"The story of technology is in fact the story of textiles."

Epic piece about how the threads that make the clothes we wear are figuratively the fabric of our lives.


Great piece from Virginia Postrel in Aeon. It's all about textiles, threads, and technology. You'll be smarter (and maybe better dressed) by the end of it. A snippet:

Textiles are technology, more ancient than bronze and as contemporary as nanowires. We hairless apes co-evolved with our apparel. But, to reverse Arthur C Clarke's adage, any sufficiently familiar technology is indistinguishable from nature. It seems intuitive, obvious – so woven into the fabric of our lives that we take it for granted.

We drag out heirloom metaphors – 'on tenterhooks', 'tow-headed', 'frazzled' – with no idea that we're talking about fabric and fibres. We repeat threadbare clichés: 'whole cloth', 'hanging by a thread', 'dyed in the wool'. We catch airline shuttles, weave through traffic, follow comment threads. We talk of lifespans and spin?offs and never wonder why drawing out fibres and twirling them into thread looms so large in our language.

The story of technology is in fact the story of textiles. From the most ancient times to the present, so too is the story of economic development and global trade. The origins of chemistry lie in the colouring and finishing of cloth. The textile business funded the Italian Renaissance and the Mughal Empire; it left us double-entry bookkeeping and letters of credit, Michelangelo's David and the Taj Mahal. As much as spices or gold, the quest for fabrics and dyestuffs drew sailors across strange seas. In ways both subtle and obvious, textiles made our world.

Check it out.

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  1. We…follow comment threads

    Except ours and fine by me.

    1. The mere though of us down here under the article causes her distress. She doesn’t even have to read it.

  2. Guns, Germs, and Steel Chenille

    1. *polite applause, suitable for an academic setting*

  3. Emma Sulkowicz makes a pornographic art piece about her alleged rape then claims that if anyone watches it for impure reasons they’re like a rapist.

    “Look–I want to change the world, and that begins with you, seeing yourself. If you watch this video without my consent, then I hope you reflect on your reasons for objectifying me and participating in my rape, for, in that case, you were the one who couldn’t resist the urge to make Ceci N’est Pas Un Viol about what you wanted to make it about: rape.”

    I don’t know exactly what happened between her and Nungesser, but she’s clearly fucking insane so I’m going to say she’s a slightly unreliable narrator.

    1. You think Rico isn’t all over this? Hell, he got up early just to bring you the news.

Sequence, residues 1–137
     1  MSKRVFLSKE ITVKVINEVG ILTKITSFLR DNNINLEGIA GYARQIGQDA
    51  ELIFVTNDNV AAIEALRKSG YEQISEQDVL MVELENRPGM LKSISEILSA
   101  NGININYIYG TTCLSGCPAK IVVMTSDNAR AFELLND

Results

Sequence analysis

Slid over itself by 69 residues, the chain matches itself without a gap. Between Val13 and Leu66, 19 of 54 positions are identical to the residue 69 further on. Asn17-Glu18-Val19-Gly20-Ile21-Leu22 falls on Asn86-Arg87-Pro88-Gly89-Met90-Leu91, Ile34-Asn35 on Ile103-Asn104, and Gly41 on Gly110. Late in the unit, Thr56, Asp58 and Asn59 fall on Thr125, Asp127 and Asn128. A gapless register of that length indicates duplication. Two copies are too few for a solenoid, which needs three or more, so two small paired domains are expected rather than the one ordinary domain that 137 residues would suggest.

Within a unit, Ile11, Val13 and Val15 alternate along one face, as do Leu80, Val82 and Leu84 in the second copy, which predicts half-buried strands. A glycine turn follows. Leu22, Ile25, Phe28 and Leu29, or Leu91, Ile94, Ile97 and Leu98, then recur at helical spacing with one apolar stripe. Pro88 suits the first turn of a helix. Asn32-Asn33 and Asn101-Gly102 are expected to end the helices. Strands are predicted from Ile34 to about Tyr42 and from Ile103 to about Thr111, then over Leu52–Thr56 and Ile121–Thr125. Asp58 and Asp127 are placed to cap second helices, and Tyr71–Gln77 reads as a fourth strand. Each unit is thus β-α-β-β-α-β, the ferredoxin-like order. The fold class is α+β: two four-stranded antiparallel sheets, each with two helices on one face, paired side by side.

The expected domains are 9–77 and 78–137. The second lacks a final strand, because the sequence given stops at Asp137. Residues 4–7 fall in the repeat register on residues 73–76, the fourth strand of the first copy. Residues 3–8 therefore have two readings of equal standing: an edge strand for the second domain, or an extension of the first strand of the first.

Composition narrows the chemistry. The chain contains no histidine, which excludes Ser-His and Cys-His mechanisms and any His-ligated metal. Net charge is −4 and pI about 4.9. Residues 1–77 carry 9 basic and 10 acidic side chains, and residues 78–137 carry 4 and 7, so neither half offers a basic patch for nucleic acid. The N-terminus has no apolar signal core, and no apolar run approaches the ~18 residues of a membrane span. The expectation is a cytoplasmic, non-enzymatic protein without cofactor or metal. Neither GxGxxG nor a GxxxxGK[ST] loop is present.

1. I think everyone already ‘bated to it last night.

    2. Unless he drove her nuts by actually raping her, which I suppose is possible, I suspect that her credibility has sunken so low as to make it unnecessary to take her accusations very seriously. This smells like performance art, not someone traumatized by something.

      If he were behaving like her, he’d host a masturbation session in an auditorium, while watching her little “art” porn flick.

      1. Dang, Pro L’….that was very…..SugarFree.

        1. He gave me his proxy for this thread.

  4. The fabric of our lives…

  5. I think this rather overstates the importance of textiles in technology. Not that there’s nothing to this proposition–several advances in the 19th century were around textile manufacture–but I think there were other motivations for some of the technological advances that she’s attributing a little too much to the textile trade.

    1. Inventions attributed to beer:

      Written language

      Agriculture (including the plough, wheel, irrigation)


      Germ theory


      1. And there’s war, wine, transportation, food production. . .it’s a long list, actually.

    2. Not that there’s nothing to this proposition–several advances in the 19th century were around textile manufacture

      I agree. There’s certainly a lot to the advancement of clothes, durable clothes, then fashionable clothes. But War has certainly been a major player in technological innovation.

      1. I don’t think the author is saying that all technological advances are due to textiles, but that textiles are a reflection of our technology- that the clothes we wear today have all sorts of telltale attributes reaching back in time. In an essence, you could probably take a shirt and examine everything from the hemlines to the buttons, weave of the fabric dies, etc and tell a story about a technological turning point in human history. And that is true.

        Of course the same is true of most technology we use today that has existed in one form or another throughout history. Go look at agriculture or shepherds and you will find a “bounty” of idioms in our language and all sorts of religious metaphors. The same is true with alcohol and government.

  6. So they’re saying Zoolander was a documentary?

    1. +1 gasoline fight

      1. It’s in the computer…

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